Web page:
A Tribute to World Kindness Day One of the Nicest Gestures I Ever Received
Thanksgiving tends to get most of the attention this month, but there is actually another important holiday: World Kindness Day, which takes place on Nov. 13. While the vast majority of us aim to be kind toward others each and every
She asked us all to take a piece of paper and catalogue the various kind acts we had received by others and then spend time actively pondering ways we could do something nice for someone else. She then asked us to take those pieces of paper and tape them on the glass wall at the back of the sanctuary. Then, every time we entered the building, we’d be reminded of all the kindness that exists around us. When thinking about the people who have been kind to me, one memory stands out and, to this day, still makes me well up. I was a senior in high school when I had my daughter, so I headed off to college as a single parent. As I got further along in school and started to meet more people, I decided I wanted to take some sort of action to improve my smile. I’d been self-conscious about my teeth since I was young, and, while other people didn’t notice that they weren’t perfectly straight or that I had a small gap in the front, I felt they were not flattering and needed to be fixed even though my finances would likely take a hit. My dentist in Laramie, Wyoming, referred me to an orthodontist. During the first appointment, the orthodontist looked at my teeth and listened to the corrections I wanted done. When it was time for him to take molds of my teeth, I told him that I didn’t have much but would pay him“a dollar down and a dollar a week” until the bill was paid if he could help me. After all, the first thing people see when they meet you is your smile, and, even if it took me years to pay for the treatment, I knew I wanted it. After he’d gotten my molds back and I came in to discuss his recommendations, he said, “Geneva, you really don’t need very much in terms of alignment. In fact, we’ll just have to put braces on your top teeth. This is really light work for me, and it won’t cost very much. So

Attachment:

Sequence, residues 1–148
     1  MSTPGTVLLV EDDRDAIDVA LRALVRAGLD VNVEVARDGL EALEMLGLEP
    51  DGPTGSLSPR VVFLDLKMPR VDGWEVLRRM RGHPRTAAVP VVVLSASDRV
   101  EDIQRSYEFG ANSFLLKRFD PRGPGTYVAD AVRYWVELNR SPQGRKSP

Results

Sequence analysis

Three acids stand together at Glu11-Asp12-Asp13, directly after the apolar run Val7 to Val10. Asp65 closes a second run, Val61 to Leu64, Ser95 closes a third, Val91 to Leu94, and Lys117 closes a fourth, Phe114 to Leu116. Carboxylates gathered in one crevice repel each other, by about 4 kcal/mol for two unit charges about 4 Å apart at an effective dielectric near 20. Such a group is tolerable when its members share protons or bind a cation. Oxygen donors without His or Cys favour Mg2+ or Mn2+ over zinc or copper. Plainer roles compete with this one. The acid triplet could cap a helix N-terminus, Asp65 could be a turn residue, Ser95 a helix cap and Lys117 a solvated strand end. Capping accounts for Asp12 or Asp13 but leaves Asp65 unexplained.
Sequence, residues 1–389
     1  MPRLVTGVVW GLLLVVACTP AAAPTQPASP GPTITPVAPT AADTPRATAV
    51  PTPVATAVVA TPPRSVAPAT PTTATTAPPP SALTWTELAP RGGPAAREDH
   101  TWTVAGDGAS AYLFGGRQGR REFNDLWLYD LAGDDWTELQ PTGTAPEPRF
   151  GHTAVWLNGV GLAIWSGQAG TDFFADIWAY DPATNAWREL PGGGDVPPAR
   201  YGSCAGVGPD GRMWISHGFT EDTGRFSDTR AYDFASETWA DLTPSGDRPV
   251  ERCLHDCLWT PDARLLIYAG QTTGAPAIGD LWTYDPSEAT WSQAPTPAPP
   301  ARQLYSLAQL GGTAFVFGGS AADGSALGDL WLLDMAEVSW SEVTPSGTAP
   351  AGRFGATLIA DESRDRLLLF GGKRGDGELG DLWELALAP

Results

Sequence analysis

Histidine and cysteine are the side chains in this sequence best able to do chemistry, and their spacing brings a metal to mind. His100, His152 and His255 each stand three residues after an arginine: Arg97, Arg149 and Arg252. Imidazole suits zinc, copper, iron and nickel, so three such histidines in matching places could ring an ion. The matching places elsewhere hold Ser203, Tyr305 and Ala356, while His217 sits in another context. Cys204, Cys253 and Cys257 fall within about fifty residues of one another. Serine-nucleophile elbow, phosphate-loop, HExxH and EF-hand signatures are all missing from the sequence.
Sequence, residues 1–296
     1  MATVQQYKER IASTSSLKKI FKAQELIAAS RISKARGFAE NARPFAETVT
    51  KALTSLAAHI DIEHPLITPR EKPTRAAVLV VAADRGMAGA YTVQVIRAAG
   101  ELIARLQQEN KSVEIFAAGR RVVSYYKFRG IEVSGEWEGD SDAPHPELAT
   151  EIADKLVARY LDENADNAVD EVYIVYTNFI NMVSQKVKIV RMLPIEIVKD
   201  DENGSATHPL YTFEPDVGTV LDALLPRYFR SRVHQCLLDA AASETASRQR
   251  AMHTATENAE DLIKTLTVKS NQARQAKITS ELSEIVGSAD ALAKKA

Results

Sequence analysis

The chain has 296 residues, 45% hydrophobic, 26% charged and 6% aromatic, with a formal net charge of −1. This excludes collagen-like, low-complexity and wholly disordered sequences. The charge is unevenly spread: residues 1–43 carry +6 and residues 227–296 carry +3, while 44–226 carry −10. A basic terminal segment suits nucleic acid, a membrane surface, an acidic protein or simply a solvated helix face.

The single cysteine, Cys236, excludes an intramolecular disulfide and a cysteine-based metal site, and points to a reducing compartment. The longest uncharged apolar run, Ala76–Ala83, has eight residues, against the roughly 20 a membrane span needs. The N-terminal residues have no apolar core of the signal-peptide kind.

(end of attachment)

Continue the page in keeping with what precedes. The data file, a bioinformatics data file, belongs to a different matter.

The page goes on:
day, I believe that having a designated day of observance can help us reflect on all the ways others have expressed kindness to us, no matter how small the occasion. The first time I heard about this commitment to kindness, I was in church. Several years ago, the two mayors in the cities of Turlock and Anaheim, California, issued challenges to their communities to seek out opportunities for altruism. By partnering with several ministries and organizations, these two mayors furthered their initiatives by highlighting existing efforts and identifying new ways those in the area could focus on spreading kindness throughout their communities. My rector had read about these mayors’ initiatives and decided to invite participation in something similar for our congregation.
don’t worry about payment. This treatment will be on the house.”
While I was gushing with appreciation at the time, I’m still not sure that generous orthodontist realized how big of an impact his gesture had on me then and still has on me now. He claimed that the treatment was such a small expense for him and that it would hardly take any time at all. But after years of being self- conscious about my smile, I had finally decided that the stress over the cost of fixing my teeth was worth it. So, while he viewed his gesture as a small token of kindness, his generosity had a huge impact on how I felt about myself. I think that’s what World Kindness Day is really about. You may think that a gesture like complimenting a stranger’s outfit, expressing appreciation to a coworker, or sending a “love you and thinking about you” text to your parents might not make any difference. But you never know what people are going through or how big of a difference your seemingly small act can make.
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